|from US Forest Service|
The Washington Aqueduct Division of the U.S. Army Corps of Engineers, the Fairfax County Water Authority and the Washington Suburban Sanitary Commission furnish about 95% of the metropolitan region's water from the Potomac River. For more than two centuries the waters of the Potomac seemed unlimited, but regional growth, pollution and drought proved that was not true. Congress created the Interstate Commission on the Potomac River Basin, ICPRB, to address the pollution of the river, but now their primary job is to manage the allocation of the Potomac’s Waters especially in times of drought. The idea of diverting millions of gallons of water to be used in hydrofracking and even the smallest risk of pollution to the river from spills and leaks is an unacceptable risk to the water supply for the region.
Drilling requires large amounts of water to create a circulating mud that cools the bit and carries the rock cuttings out of the borehole. After drilling, the shale formation is then stimulated by hydro fracking, using 2-5 million gallons of water mixed with chemicals. For gas to flow out of the shale, all of the water not absorbed by the formation during fracking must be recovered and disposed of. Though less than 0.5% by volume, the proprietary chemicals used in fracking represent 15,000 gallons of unknown chemical compostion in the waste water recovered from the typical hydro fracking job. The chemicals serve to increases the viscosity of the water to a gel-like consistency so that it can carry the propping agent (typically sand) into the fractures to hold them open so that the gas can flow.
The oil and gas industry has failed to determine proper methods for the safe disposal of the large quantities of this fracking fluid that may also contain contaminants from the geological formation including brines, heavy metals, radionuclides and organic contaminants. This must be accomplished before even considering expanding fracking into important watersheds. In addition, the impact of so much waste water on our water resources must be monitored and addressed.The U.S. Environmental Protection Agency is currently engaged in a review of hydraulic fracking and that should be completed before fracking is further expanded into ecologically sensitive areas.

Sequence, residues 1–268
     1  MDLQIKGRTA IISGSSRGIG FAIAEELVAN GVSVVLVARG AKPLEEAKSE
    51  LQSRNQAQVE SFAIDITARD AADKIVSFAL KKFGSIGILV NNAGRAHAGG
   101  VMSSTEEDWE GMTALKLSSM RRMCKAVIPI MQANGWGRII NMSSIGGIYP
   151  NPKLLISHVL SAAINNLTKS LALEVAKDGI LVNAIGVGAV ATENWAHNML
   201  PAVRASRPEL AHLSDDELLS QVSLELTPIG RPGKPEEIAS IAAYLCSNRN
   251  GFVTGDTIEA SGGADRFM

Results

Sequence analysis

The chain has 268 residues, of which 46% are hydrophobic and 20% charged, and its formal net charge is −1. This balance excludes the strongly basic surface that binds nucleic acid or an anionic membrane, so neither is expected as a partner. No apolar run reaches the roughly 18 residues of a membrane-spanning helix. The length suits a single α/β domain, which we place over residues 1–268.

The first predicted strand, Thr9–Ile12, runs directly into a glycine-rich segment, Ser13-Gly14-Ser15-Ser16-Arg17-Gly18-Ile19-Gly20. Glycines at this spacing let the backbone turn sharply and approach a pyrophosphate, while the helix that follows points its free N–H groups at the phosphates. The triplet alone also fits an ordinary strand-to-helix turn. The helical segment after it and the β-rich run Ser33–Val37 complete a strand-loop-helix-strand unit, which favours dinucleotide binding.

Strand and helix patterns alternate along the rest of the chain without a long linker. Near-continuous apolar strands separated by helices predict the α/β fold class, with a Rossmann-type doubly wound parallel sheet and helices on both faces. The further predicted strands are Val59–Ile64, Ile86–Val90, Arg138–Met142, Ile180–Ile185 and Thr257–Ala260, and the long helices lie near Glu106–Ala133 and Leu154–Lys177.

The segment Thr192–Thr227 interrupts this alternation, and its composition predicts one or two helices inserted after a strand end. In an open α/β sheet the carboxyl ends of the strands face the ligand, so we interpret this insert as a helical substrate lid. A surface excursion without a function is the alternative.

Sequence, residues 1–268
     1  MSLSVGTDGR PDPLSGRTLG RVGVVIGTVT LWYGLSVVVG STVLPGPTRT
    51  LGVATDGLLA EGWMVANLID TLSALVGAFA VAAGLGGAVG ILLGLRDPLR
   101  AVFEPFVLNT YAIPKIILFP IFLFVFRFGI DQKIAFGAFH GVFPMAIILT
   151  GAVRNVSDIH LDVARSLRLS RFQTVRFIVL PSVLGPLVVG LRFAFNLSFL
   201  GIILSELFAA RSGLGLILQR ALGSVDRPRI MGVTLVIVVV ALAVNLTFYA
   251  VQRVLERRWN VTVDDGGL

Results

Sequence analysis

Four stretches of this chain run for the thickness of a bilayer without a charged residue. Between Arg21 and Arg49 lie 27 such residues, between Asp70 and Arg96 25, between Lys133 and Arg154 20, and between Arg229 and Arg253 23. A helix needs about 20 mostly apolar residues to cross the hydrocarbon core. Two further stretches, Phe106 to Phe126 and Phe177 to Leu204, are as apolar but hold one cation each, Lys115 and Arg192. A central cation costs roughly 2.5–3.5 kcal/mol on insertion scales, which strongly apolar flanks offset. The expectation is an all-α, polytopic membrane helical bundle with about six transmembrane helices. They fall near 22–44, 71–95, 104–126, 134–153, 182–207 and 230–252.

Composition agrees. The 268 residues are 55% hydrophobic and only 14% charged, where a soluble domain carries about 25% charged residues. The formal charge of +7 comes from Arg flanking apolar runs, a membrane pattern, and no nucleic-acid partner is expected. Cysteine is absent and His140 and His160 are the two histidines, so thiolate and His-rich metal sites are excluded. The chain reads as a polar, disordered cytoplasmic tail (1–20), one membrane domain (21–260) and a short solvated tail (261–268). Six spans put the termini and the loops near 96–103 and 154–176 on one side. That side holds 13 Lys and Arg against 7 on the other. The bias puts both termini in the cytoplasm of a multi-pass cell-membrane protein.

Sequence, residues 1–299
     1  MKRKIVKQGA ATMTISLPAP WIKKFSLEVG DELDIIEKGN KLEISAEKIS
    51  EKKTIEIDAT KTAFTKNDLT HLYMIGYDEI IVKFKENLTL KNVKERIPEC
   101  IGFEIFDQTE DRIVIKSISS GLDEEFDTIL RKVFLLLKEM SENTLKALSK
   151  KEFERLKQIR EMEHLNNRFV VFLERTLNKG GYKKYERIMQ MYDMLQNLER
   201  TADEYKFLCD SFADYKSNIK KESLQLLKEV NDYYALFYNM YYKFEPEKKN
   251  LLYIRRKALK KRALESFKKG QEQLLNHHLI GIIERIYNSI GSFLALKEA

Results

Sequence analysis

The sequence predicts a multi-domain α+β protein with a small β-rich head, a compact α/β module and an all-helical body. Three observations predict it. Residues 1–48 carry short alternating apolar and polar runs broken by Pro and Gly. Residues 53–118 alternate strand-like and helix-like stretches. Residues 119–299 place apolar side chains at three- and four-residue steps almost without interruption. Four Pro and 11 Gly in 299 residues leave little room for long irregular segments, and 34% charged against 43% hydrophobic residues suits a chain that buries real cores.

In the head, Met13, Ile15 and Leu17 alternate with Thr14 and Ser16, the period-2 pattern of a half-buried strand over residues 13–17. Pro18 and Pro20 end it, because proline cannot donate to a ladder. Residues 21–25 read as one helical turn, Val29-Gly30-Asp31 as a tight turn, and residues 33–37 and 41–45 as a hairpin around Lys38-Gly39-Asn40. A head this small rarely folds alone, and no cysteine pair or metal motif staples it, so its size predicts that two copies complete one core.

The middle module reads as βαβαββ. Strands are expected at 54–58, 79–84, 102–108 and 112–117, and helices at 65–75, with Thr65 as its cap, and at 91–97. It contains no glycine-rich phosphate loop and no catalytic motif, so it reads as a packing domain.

While geologists and engineers believe that in hydraulic fracturing the intervening layers of rock prevent a fissure from extending into the water table, they base this on the “typical” geology where there are thousands of feet between the water table and the fracking location and does not account for any potential impacts from human error or carelessness or on the hydraulic balance in a watershed. The problems seen in drinking water wells near hydro fracking jobs have typically occurred when fracking fluid seeps into drinking water wells through improperly sealed or abandoned drilling wells and from accidental release or improper storage of recovered fracking fluid.